Top Russian officials on Wednesday condemned Poland's proposal to send NATO "peacekeeping forces" into Ukraine as a "very reckless and extremely dangerous" idea that would risk a full-scale war between the alliance and Moscow.
"This will be the direct clash between the Russian and NATO armed forces that everyone has not only tried to avoid but said should not take place in principle," Russian Foreign Minister Sergey Lavrov said in remarks to students and staff at the Moscow State Institute of International Relations as Russia's deadly assault on Ukraine entered its 28th day. Kremlin spokesperson Dmitry Peskov echoed Lavrov's assessment, telling reporters Wednesday that "the consequences of a possible engagement between our troops and NATO forces are quite clear and they would be hard to mend."
Russia's criticism of Poland's proposal came as U.S. President Joe Biden headed to Brussels to meet with NATO leaders and attend an alliance summit on Thursday, when alliance members will consider the idea of sending "peacekeeping" troops into Ukraine.
Poland has characterized its proposal as a "preliminary concept" that must be fleshed out during NATO's upcoming summit. Ariel Gold, national co-director of the U.S.-based peace group CodePink, warned that if Poland's plan is implemented, "it wouldn't be peacekeeping, it would be WWIII."
In an appearance on CNN earlier this week, U.S. Ambassador to the United Nations Linda Thomas-Greenfield reiterated that the Biden administration "will not put American troops on the ground in Ukraine."
"We don't want to escalate this into a war with the United States," Thomas-Greenfield added. "But we will support our NATO allies. We have troops, as you know, in NATO countries. And the president has made clear that, if there is an attack on any of our NATO countries, under Article 5, that we will support those countries and defend those countries." Specifically addressing Poland's "peacekeeping" proposal, Thomas-Greenfield said that she "can't preview what decisions will be made at this NATO conference and how NATO will respond to the Polish proposal."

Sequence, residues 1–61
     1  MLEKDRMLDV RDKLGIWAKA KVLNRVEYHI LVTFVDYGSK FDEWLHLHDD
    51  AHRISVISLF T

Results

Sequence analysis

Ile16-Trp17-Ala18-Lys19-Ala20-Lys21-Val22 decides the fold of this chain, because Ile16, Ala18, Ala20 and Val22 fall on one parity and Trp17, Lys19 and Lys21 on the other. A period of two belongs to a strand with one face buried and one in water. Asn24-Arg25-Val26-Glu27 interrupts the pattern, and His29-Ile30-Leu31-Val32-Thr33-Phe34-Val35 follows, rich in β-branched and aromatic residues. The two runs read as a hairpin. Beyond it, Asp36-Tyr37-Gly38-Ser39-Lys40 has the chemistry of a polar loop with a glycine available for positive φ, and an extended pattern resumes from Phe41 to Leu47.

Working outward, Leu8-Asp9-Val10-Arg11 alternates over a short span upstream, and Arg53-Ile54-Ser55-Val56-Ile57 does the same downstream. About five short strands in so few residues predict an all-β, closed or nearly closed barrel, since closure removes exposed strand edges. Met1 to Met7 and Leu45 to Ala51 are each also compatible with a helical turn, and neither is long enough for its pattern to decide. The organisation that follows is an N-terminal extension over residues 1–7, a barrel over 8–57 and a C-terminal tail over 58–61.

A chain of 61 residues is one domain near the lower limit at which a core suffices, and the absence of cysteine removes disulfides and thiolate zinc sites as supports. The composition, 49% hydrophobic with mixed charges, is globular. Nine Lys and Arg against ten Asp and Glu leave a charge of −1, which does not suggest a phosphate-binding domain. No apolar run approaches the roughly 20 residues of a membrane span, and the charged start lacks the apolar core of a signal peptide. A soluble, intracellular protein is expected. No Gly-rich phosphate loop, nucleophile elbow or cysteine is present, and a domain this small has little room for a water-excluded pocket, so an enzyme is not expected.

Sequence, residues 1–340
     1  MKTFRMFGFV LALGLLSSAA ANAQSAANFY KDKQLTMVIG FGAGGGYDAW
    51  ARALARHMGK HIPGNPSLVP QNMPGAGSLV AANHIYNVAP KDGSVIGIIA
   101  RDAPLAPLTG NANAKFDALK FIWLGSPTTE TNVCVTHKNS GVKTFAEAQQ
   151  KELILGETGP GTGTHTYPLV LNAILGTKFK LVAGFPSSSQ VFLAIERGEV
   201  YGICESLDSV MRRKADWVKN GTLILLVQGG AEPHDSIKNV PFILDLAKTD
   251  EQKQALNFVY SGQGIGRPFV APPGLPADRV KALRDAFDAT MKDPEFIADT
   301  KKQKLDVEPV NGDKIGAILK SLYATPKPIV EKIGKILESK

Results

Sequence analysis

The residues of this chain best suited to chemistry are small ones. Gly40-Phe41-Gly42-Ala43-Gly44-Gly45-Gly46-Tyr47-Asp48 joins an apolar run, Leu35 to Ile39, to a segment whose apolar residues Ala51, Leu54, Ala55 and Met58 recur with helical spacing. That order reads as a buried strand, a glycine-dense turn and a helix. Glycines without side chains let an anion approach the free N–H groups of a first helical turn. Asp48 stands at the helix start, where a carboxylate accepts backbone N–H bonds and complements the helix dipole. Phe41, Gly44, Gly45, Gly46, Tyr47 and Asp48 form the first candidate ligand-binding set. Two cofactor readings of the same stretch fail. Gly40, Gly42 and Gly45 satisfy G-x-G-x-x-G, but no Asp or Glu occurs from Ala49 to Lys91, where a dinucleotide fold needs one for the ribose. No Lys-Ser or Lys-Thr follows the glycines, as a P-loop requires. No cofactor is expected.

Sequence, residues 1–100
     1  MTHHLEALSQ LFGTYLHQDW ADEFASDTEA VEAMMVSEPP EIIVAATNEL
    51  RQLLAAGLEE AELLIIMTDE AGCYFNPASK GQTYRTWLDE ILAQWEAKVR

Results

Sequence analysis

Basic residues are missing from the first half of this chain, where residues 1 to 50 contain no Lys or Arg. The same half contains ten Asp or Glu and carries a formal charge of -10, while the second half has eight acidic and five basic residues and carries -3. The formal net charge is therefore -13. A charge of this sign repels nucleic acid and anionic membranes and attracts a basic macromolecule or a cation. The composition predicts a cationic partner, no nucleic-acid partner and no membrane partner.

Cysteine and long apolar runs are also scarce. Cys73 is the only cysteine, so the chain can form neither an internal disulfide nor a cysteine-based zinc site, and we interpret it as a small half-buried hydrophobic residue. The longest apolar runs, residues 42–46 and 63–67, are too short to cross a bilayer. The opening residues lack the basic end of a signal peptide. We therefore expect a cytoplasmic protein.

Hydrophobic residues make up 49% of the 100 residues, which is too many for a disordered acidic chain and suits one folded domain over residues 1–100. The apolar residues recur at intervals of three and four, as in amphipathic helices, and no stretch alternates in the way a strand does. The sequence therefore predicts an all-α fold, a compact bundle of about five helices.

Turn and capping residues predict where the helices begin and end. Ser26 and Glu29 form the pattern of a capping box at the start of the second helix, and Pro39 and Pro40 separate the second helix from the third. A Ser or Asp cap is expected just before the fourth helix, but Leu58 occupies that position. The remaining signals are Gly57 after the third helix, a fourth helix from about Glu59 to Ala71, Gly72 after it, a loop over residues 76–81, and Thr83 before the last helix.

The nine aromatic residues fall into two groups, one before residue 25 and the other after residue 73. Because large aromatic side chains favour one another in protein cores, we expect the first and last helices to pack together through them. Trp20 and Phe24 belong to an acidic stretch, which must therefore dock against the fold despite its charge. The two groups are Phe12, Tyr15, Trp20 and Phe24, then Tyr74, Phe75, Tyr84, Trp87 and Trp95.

"What I can say is, American troops will not be on the ground in Ukraine at this moment," she continued. "The president has been clear on that. And other NATO countries may decide that they want to put troops inside of Ukraine. That will be a decision that they have to make."
NBC News reported Tuesday that "during his trip to Europe this week, President Joe Biden could announce that the United States plans to permanently maintain an increased number of its troops deployed in NATO countries near Ukraine," which has received billions of dollars worth of weaponry from the U.S. since Russia invaded last month.
🚨 Leader of Poland's ruling party calls for NATO "peacekeeping mission" in Ukraine.— Clint Ehrlich (@ClintEhrlich) March 15, 2022
After meeting with Zelensky, Jaroslaw Kaczynski said the force of international troops should "operate on Ukrainian territory."
My take: He's advocating WW3. 🚨 pic.twitter.com/6UEpwGKl63
On Wednesday, NATO Secretary-General Jens Stoltenberg announced that the alliance is sending four new "battle groups" to eastern members Bulgaria, Hungary, Romania, and Slovakia. "Along with our existing forces in the Baltic countries and Poland, this means that we will have eight multinational NATO battlegroups all along the eastern flank," Stoltenberg said.
The NATO chief also said he expects alliance members on Thursday to approve the delivery of "equipment to help Ukraine protect against chemical, biological, radiological, and nuclear threats."
"We are determined to do all we can to support Ukraine," said Stoltenberg. "But we have a responsibility to ensure that the war does not escalate beyond Ukraine, and become a conflict between NATO and Russia. This would cause even more death and even more destruction."
Last week, U.S. officials claimed Russia could be planning to use chemical or biological weapons in Ukraine, and Ukrainian officials have accused Russian forces of deploying white phosphorus bombs. Russia has denied possessing chemical weapons and accused Kyiv and Washington of developing—and plotting to use—such weapons in Ukraine, allegations the U.S. has rejected.